Patricia Yeager says every job she’s had, including running independent living centers in Denver and an industry association in California, propelled her to becoming CEO of The Independence Center, a nonprofit in downtown Colorado Springs that assists and advocates for people with disabilities.

Yeager oversees a $10 million budget, up 30 percent from when she took over the center in 2011. The center employs more than 300 people, many of them part-timers, with about 225 providing home health care to clients in 14 counties. Medicaid pays for about 90 percent of the Independence Center’s budget, which covers about 800 people a year that come in for peer support, advocacy and to learn independent living skills from its 80 employees, most of whom also have disabilities.

When Yeager was 2, her hearing was damaged by a reaction to medication. She didn’t get a hearing aid until age 5, or a second one until she was 27. That didn’t stop her from getting a bachelor’s degree in education from Marshall University, a master’s in rehabilitation counseling from West Virginia University and a doctorate in human rehabilitation from Northern Colorado University.

What did you learn from your hearing loss?

That it doesn’t stop you. It was life-changing for me as a kid because I was trying to deny it, block it out, hide it. My mother tried to hide it. I never saw anyone my age wearing hearing aids when I was young. Once I stepped out, and it was probably when I was about 30 years old, I started cutting my hair and showing my hearing aids, and it was very freeing. It was much easier.

How has that experience helped you run The Independence Center?

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I understand that helplessness feeling. I understand not wanting to deal with it, and I understand what happens when you do accept it. You integrate it into your self-image. I say this a lot: ‘If you’re mourning who you were, you can’t step into who you are.’ I spent probably the first 25 years of my life doing that. It gives me empathy for people, and it also helps me to convey to them that they can get through this. My hearing disability isn’t nearly as difficult as being in a wheelchair or being blind, but I’m here to tell people that they can get through this.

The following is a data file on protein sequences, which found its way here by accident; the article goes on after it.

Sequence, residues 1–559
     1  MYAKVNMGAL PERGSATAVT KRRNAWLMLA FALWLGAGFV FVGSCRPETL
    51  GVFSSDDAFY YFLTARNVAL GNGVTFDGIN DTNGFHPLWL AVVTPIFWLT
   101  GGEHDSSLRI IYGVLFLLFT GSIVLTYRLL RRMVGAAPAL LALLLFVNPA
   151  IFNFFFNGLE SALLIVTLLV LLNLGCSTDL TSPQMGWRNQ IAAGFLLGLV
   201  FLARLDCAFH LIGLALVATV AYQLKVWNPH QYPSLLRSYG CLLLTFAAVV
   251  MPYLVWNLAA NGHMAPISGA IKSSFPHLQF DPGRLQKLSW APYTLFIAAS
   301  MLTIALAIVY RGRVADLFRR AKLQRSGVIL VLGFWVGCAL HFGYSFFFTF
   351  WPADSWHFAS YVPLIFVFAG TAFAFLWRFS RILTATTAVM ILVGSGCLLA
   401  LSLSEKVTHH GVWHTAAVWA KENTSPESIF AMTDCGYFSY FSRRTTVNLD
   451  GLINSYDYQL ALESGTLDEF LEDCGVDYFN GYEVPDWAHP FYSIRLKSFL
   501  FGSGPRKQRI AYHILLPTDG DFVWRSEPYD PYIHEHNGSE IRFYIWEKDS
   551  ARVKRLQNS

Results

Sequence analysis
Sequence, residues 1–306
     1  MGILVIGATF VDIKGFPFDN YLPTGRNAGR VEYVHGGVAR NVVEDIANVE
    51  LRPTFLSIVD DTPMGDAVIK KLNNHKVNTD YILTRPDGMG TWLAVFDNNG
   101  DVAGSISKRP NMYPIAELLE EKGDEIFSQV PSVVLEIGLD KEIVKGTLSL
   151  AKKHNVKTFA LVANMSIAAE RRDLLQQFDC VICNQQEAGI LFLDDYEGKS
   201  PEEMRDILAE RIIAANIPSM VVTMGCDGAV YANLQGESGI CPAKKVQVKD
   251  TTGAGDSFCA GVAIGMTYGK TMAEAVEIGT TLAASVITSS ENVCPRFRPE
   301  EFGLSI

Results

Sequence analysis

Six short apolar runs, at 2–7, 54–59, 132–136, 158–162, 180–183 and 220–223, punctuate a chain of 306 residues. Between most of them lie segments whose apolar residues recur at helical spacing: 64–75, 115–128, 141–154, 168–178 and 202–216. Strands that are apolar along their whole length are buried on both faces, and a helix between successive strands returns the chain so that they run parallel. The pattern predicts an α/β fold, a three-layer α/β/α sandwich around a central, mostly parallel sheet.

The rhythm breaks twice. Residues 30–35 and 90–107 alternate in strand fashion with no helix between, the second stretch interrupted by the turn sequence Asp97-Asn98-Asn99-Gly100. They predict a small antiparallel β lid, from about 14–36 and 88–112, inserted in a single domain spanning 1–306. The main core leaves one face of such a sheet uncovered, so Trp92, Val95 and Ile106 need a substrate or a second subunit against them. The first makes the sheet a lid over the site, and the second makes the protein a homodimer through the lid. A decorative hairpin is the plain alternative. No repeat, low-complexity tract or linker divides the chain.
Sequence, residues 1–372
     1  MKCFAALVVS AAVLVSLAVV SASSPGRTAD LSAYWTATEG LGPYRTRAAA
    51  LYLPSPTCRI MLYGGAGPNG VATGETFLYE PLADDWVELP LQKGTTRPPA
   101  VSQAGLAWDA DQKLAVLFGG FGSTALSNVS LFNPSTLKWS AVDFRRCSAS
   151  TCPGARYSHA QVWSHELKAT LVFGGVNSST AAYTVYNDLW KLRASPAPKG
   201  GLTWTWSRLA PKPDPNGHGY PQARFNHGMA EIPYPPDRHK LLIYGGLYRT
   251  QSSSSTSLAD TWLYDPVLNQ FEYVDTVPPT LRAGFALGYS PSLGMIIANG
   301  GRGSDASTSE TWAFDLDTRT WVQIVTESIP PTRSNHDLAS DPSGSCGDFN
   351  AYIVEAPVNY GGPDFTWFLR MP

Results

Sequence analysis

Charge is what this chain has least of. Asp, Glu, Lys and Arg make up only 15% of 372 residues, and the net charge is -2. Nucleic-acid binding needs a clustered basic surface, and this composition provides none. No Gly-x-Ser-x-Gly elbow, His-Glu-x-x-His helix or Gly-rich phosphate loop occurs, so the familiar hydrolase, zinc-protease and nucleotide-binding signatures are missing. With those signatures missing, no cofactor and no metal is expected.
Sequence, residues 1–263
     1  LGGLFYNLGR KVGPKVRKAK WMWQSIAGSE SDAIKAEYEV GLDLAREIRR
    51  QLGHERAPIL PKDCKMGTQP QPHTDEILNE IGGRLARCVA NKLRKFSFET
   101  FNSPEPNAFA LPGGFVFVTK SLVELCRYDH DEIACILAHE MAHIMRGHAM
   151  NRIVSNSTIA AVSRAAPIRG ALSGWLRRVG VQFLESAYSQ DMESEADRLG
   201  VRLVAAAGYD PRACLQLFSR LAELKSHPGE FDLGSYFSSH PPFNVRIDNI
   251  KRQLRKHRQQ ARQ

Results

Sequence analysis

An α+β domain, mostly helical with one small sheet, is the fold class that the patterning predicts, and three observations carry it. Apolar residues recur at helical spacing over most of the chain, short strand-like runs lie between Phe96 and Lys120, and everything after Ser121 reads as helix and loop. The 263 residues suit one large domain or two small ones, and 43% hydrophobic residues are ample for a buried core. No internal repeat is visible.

What should people know about The Independence Center?

We’re here to help the community, to really embrace people with disabilities of all ages. Some of our work may not feel like that when we have to advocate, and bark, but it’s done out of love and wanting to see inclusion. What’s thrilling to me is to see someone who’s been afraid to engage and thinks they’re not worth it, but then step up at a city council meeting and say, ‘This is what I think,’ and have city council vote that way. All of a sudden they think, ‘Wow, I count.’ It’s that whole thing of being accepted by someone else, and being respected.

Is there a new project you’ve been working on?

Memorial [Hospital] has agreed to work with us on a pilot project working with their ‘complex’ patients who are having trouble transitioning out of the hospital. The pilot will start in January 2018 and we intend to show that transitioning people with disabilities back to their own home with medical and social supports fosters better outcomes for the patient and allows the hospital to turn over that bed so that others can be served. The IC has put together a Disability Transition Services Network to include a Medicare agency, a pharmacy, medical transport and food as well as durable medical equipment. We will provide the Medicaid and the community engagement piece. We hope to disrupt the nursing home pipeline from the hospital for people with disabilities who sometimes never get out of that nursing home.

Has anything else changed at The Independence Center?

We have a certified nursing assistant school, which is unusual. There’s a shortage of CNAs and we decided we would buy what was called the Front Range CNA School and run it, and then have first crack at people coming out of the program for our home health care. The owners were ready to retire and we bought everything: the curriculum, the mannequins, the beds, the lease.

What leadership lessons would you offer to others?

There’s a book called “Servant Leadership,” and it’s all about putting others first and helping develop them. My father was a grocery man, and one day he was talking to one of the stock boys and asking him questions. I asked my father, ‘Why don’t you just tell him what to do?’ He said people don’t respond to that; people respond to being a part of things and to being respected and being asked their opinion. That is so true. I hire people who are smarter than me and play to my weaknesses, and then I help them get set up and get out of their way. I’m there to support them. People make mistakes, so expect that, but the key is how do they fix it.